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Am J Public Health. 2000 Nov;90(11):1709-13.

Race/ethnicity and the 2000 census: implications for public health.

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  • 1National Center for Health Statistics, Centers for Disease Control and Prevention, Hyattsville, MD 20782, USA.



This article addresses the potential impact of the revised standards for race and ethnicity on data from the 2000 census and public health data sources, policies, and programs.


The authors examine the relationship between race/ethnicity and health in selected measures, identify the factors that influence race/ethnicity identification, consider past experience in race/ethnicity reporting, and explore the challenges in understanding and managing the effects of new racial/ethnic categories in various data sets.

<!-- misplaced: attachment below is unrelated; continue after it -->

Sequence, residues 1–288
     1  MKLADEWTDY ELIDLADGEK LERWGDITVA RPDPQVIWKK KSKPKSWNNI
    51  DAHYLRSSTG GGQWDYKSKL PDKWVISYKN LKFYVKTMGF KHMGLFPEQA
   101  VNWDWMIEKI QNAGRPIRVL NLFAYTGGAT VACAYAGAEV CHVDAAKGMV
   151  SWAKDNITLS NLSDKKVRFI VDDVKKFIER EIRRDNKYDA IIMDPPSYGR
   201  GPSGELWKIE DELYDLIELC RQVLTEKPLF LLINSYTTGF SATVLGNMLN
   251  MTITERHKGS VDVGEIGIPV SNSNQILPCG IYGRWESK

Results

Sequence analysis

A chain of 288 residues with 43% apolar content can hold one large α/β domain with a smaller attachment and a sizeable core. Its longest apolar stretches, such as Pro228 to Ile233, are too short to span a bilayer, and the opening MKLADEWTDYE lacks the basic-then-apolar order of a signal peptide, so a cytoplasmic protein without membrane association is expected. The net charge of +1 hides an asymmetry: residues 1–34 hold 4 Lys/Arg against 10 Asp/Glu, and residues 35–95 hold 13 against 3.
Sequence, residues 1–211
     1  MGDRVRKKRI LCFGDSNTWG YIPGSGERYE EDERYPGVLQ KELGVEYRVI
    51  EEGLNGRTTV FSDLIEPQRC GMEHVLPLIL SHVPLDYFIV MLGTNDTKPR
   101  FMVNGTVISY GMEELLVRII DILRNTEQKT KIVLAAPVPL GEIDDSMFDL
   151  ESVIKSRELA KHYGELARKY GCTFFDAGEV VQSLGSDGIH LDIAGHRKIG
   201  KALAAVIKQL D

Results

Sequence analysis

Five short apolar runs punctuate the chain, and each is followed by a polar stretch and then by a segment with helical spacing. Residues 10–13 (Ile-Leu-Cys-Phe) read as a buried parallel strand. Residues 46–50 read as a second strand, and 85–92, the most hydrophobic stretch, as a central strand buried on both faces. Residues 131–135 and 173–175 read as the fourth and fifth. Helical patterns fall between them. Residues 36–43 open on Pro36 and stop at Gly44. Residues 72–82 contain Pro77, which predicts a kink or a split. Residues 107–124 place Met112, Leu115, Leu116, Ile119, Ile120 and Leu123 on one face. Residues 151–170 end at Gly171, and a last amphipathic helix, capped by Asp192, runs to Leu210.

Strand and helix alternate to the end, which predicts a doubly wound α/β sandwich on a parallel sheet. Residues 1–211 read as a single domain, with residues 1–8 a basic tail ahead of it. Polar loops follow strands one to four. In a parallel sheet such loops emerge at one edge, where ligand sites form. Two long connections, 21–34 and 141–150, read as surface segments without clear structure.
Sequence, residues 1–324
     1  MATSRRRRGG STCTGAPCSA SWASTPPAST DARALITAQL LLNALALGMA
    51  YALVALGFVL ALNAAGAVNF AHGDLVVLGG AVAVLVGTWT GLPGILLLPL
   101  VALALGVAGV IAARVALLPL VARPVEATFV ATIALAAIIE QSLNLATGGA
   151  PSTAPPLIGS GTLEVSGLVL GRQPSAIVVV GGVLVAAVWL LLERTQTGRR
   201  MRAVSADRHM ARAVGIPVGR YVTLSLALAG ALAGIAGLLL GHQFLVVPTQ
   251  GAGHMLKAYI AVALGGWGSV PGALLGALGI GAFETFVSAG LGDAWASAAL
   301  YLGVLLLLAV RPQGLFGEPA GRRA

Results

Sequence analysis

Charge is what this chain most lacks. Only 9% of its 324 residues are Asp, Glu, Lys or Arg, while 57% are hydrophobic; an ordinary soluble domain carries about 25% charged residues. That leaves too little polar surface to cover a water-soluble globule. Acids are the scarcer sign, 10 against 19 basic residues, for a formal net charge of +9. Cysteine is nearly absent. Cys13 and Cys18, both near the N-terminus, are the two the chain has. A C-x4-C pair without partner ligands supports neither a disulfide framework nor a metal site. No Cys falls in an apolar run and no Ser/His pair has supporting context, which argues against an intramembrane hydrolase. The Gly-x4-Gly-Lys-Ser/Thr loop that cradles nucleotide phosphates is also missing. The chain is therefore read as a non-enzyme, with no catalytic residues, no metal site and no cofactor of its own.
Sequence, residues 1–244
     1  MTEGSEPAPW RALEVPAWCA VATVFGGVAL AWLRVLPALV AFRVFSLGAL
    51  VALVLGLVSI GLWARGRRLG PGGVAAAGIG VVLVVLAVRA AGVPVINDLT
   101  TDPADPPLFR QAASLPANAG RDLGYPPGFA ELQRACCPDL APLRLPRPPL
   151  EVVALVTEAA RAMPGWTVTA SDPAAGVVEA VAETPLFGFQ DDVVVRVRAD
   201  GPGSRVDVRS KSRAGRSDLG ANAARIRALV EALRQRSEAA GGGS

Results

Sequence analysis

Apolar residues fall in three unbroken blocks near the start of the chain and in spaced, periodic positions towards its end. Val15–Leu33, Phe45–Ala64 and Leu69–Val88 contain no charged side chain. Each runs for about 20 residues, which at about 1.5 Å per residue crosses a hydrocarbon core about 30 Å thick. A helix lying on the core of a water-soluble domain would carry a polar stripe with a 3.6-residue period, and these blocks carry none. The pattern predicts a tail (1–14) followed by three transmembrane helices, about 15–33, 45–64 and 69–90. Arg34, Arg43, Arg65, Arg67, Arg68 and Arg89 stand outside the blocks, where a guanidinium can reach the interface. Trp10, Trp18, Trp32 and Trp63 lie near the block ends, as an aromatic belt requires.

The multiple-race group seems to compose only a small percentage of the US population and may have little impact on data for single-race groups. Actual effects will vary according to a number of factors, including the size, composition, and geographic distribution of the group.


More research is needed to support a thorough understanding of the reporting of multirace data and the development of techniques for analyzing these data. Given the importance of understanding the relationship between race/ethnicity and health, the ability to produce useful, comparable, and meaningful data is essential.

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